Meet the Amateur Art Detective Trying to Prove Gauguins Are Fakes – An amateur sleuth is challenging museums on the authenticity of works attributed to Paul Gauguin. Fabrice Fourmanoir says there’s something fishy about Gauguin’s The Invocation at the National Gallery of Art in Washington, DC, and Women and a White Horse at the Museum of Fine Arts in Boston. Once dismissed as an obsessive loon, Fourmanoir has been taken more seriously after his suspicions eventually compelled the Getty Museum to recognize that what it had thought was a Gauguin sculpture in its collection was actually… not. The art detective goes even further, however, suggesting that nearly all of Gauguin’s assumed final works in museums around the world are fake. (Washington Post)

What Can You Really Do With an Art Degree? – You may have already heard this from your parents, but US News is here to tell you again: pursuing an art or design degree probably may not be particularly lucrative. Data on pay from the US Bureau of Labor Statistics shows that most people working in the creative arts in the US earn less than $60,000 a year, with the median salary for craft and fine artists coming out to just $48,760. But art schools and alumni say there are many ways to make that degree more commercially viable, including pursuing careers in art directing, animation, and fashion design. (US News and World Report)

Burning Man Art Comes to Las Vegas – An outdoor art gallery devoted to sculptures created at desert festivals like Burning Man is opening in Las Vegas in September. The venue is part of Area15, an immersive arts and music entertainment complex. Among the works on view at the 10,000-square-foot open-air gallery is In Every Lifetime I Will Find You, a mirrored 14-foot sculpture of a couple embracing by Belgian artist Michael Benitsky that debuted at Burning Man last year. The display offers a chance to commune with the monumental art in a year when most festivals have been cancelled. (The Art Newspaper)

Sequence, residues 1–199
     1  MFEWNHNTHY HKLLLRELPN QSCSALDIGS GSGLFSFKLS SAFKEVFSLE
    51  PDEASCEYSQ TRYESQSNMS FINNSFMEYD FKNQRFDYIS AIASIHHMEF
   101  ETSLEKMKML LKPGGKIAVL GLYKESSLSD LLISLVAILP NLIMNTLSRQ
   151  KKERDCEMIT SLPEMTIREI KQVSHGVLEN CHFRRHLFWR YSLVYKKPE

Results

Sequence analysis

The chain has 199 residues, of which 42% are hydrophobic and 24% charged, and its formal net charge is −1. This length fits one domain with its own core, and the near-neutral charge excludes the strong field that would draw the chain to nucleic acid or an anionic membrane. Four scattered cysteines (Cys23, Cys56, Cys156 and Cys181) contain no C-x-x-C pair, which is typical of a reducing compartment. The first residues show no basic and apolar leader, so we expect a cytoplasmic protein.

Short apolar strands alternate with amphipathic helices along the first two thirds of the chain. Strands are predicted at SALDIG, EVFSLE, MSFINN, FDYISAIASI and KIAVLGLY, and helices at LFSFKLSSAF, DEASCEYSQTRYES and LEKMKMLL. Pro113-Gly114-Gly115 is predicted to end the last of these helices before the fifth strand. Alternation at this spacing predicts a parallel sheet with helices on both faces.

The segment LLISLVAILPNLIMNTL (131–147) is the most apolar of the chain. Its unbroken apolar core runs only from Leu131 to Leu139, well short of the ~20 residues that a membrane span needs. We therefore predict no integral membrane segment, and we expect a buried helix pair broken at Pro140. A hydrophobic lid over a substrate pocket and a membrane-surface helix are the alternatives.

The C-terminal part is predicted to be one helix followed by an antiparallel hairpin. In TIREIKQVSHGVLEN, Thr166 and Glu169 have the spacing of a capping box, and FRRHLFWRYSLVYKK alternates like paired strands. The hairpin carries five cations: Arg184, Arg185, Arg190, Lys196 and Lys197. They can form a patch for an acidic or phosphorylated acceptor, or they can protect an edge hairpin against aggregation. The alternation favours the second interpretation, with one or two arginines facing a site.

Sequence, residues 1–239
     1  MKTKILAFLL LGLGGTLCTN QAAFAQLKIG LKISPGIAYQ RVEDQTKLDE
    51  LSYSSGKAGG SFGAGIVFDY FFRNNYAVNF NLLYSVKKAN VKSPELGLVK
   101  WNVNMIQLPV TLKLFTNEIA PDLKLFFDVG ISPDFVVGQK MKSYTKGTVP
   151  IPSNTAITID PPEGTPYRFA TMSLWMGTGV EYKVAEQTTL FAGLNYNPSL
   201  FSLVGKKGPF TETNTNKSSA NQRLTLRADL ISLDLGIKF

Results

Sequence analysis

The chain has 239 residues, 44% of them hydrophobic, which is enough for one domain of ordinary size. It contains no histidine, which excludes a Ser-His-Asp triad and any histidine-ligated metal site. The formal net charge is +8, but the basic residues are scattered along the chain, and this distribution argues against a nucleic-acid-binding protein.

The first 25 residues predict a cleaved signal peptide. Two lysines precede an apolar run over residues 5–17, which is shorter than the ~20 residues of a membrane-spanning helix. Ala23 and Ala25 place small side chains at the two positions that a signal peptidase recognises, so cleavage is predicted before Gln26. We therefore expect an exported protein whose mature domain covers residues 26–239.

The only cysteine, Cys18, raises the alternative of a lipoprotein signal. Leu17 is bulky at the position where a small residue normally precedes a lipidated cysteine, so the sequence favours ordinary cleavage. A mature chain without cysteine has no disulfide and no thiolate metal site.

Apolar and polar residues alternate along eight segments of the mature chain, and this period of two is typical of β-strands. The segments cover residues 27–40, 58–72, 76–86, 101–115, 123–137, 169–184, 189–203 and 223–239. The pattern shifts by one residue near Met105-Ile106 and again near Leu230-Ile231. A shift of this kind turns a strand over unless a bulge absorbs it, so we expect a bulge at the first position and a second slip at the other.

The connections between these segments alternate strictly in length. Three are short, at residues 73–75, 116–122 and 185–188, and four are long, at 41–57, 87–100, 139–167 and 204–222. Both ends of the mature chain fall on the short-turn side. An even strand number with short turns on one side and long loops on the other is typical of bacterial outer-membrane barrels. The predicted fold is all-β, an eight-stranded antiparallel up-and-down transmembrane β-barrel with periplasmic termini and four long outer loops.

A Parody Website Calls Out Pay Inequity at the Guggenheim – The group Artists for Workers is taking aim at the Guggenheim after creating a mock New Museum website to criticize its politics. The latest parody site, called the “Guggenheim Transparency Initiative,” presents what the group claims are leaked internal documents that point to “significant wage gaps” across departments. It says that BIPOC workers in the facilities department are paid on average “$8,209.31 less than their white coworkers, despite having been at the Guggenheim an average of seven years longer than them.” (Hyperallergic)


Fair Warning’s Basquiat Sets an App Record – Loïc Gouzer’s Fair Warning app announced yesterday that it sold Jean-Michel Basquiat’s Untitled (1982) for $10.8 million. The price is a world record for an in-app purchase. The oil stick on paper was estimated to sell for between $8 million to $12 million; it had a guarantee near its low estimate. (Instagram)

Paris Internationale Will Go On – Organizers of the FIAC satellite fair for emerging art have announced it will go ahead in October. The sixth edition of the fair will take a scaled-back approach: the roughly 35 participating galleries will not have booths, and instead contribute two to three artworks to a joint exhibition. The gallerists themselves do not have to be present. The fair will also have an online viewing room, participation in which will be included in cost of taking part in the fair. (Journal des Arts)


Baltimore Museum of Art Adds Six Trustees – The Maryland institution has added six new members to its board of trustees, noting that it is “essential that we continue to diversify the BMA’s board leadership.” New trustees include Denise Galambos, vice president of human resources at Baltimore Gas and Electric Company, and Sherrilyn Ifill, president and director-counsel of the NAACP Legal Defense and Educational Fund. (ARTnews)

Grindr Launches… an Art Section? – The gay dating app Grindr has launched a new section for art lovers. Its new “Circle” feature has a chat room function where users can discuss everything from activism to their love of queer art and photography. (TAN)


Sydney’s Cultural Sector Gets $1.4 Million – Sydney’s cultural and creative sector will receive AU$1.4 million ($1 million) in grants from the Australian city. First Nations storytellers, accessible experimental artworks, and a smartphone film festival are among the projects that will be given a boost. (Press release)

Pussy Riot Releases Protest Video – The Russian music and art collective has released a new music video, Riot. The thrashing song has some poignant lyrics: “All this cop cars give me anxiety, all these killers give me anxiety, politicians give me anxiety, all these fascists give me anxiety.” Watch below. (Email)

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‘I miss my brother’: leading Kimberley artist dies – Sydney Morning Herald